The lesson of the 2009 BC election is simple but has never been revealed until now. I am willing to part with it as a piece of free advice to our new leader Adrian Dix because, as the papers are already demonstrating, he’ll need it. (the good news is that he’s already following the advice.)
The election campaign has already started. And your job is to define them and define us before they do that for you. They, by the way, have a head start.
How is this the lesson of the 2009 election?
Well, the NDP won that election. Except nobody noticed because we ended up with fewer votes and fewer seats.
But the NDP actually won the campaign. I know. I saw the polls. I saw who moved the most votes and made up the most distance. From day one to day 28, the NDP scratched back somewhere between 14 and 10 percentage points to finish less than 3 points behind the Liberals. Despite a lousy first week, the NDP campaign was far better at winning votes than the BC Liberal campaign.
But when it comes to forming government the 28 day campaign didn’t matter. What did matter was the proceeding six months and specifically December 2008 and January and February 2009.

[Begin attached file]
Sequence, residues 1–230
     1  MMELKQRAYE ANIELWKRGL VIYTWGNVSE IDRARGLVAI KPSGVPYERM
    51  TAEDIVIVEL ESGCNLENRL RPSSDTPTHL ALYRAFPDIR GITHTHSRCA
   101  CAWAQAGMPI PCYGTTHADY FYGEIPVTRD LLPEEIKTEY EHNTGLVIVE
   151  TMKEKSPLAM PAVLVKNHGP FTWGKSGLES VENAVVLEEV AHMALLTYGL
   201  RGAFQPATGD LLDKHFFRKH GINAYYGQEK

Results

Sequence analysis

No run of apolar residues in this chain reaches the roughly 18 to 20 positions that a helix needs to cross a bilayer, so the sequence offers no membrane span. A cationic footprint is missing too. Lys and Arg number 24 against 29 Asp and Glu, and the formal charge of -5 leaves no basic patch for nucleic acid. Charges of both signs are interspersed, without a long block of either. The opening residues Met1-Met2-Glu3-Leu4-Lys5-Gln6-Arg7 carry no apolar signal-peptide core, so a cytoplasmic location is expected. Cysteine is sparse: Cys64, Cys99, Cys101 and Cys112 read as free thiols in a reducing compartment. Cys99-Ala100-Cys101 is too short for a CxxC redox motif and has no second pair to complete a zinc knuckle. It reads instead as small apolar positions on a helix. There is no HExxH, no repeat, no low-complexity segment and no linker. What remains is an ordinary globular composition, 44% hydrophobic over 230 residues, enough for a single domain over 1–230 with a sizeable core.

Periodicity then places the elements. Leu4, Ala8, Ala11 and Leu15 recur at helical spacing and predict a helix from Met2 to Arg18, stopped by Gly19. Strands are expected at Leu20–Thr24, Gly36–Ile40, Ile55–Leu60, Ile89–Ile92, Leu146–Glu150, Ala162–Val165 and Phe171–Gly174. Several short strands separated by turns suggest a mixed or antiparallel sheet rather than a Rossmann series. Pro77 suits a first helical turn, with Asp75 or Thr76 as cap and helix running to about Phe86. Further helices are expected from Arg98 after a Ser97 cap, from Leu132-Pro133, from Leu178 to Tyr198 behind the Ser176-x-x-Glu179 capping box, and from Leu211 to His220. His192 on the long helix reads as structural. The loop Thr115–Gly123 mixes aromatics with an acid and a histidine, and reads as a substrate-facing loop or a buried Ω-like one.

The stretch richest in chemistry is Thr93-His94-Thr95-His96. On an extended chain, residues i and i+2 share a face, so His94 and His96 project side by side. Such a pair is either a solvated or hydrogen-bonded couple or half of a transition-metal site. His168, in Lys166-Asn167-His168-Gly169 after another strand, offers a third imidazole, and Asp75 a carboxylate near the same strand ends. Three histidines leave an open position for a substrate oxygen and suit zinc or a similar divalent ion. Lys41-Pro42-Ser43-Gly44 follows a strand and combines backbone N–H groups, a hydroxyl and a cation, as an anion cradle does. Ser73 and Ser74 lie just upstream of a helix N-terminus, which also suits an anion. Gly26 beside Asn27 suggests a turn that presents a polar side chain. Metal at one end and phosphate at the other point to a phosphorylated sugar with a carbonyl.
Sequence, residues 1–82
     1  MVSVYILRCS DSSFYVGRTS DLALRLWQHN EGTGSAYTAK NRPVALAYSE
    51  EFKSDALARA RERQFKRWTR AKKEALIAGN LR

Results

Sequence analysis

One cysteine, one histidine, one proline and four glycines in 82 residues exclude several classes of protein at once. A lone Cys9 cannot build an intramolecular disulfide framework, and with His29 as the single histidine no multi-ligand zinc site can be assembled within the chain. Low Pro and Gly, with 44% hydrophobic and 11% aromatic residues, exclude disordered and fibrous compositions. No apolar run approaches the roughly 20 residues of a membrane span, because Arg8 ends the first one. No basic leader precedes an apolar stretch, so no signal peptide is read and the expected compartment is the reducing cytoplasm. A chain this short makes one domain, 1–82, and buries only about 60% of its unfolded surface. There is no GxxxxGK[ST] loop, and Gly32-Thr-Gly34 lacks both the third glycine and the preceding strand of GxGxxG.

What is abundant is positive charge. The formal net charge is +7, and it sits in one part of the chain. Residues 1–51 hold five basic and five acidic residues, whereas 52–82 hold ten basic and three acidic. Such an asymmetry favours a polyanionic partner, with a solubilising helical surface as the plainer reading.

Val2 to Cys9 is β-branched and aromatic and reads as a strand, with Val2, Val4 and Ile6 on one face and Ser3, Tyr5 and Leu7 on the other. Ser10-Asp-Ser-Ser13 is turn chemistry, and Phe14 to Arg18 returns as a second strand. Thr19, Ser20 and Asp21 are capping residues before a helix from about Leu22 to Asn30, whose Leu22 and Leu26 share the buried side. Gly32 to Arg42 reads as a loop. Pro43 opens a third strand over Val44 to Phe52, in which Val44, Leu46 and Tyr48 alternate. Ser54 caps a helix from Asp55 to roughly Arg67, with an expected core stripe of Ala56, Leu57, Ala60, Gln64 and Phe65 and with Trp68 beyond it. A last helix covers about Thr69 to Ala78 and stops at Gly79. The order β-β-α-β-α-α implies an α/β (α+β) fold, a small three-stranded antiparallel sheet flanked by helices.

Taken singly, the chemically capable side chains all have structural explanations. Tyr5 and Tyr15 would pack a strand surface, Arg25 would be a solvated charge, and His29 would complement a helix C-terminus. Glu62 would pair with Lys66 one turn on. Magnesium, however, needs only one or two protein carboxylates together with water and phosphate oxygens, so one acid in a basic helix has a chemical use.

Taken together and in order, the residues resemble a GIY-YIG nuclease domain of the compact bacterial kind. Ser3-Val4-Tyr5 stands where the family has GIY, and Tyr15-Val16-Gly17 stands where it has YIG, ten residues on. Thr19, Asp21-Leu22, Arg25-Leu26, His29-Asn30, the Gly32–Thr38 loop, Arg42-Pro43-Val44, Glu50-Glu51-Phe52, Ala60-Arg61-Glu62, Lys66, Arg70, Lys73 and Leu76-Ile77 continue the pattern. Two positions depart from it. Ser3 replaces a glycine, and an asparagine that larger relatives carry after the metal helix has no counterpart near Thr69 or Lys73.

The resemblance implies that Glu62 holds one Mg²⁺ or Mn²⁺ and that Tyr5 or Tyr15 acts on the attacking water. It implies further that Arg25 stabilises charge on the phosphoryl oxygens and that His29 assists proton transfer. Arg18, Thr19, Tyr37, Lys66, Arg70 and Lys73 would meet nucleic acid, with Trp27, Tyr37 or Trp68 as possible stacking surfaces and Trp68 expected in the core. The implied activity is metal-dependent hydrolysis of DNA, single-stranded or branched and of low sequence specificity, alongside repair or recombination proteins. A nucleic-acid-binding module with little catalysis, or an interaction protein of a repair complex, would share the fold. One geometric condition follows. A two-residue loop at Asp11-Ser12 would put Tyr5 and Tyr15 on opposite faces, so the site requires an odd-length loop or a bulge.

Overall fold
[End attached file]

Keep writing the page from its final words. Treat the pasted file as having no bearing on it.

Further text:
During these months the Liberal party and its surrogates spent millions defining Carole James and the NDP in a broad based communications campaign – viral, editorial, news driven and anchored by two big paid advertising campaigns sponsored by two business coalitions.
The NDP and its surrogates were nowhere – with the airwar entirely dependent upon QP and earned media. With BC’s media that gets you a big hole and not a dime to fill it.
The results were almost immediate. Over twelve weeks from the end of November 2008 to early March 2009, James and the NDP fell behind Campbell and the Liberals by somewhere between 12 and 16 points. The decline was in complete sync with the Liberal TV campaign.
A year and a half out, as I took on the job of Chief of Staff, I predicted this. It’s not because I’m so smart. It’s just an obvious and straight up function of a fixed election date with advertising windows. And the party missed it.
And it could be worse this time – you can bet Clark has an early window in mind and her campaign will be ready to fill it.
If the same lead up witnessed in 2009 happens again, the same result as 2009 will be assured. That means the first order of business is communication with the electorate.
And what are the elements of that? A direct and real message about them and us; a disciplined effort to deliver it from every mouth; a simple and coherent package that shows we mean the change we talk about; a paid advertising campaign to deliver the message past the media guardians and a pile of cash to pay for it.
Anything less could be not enough.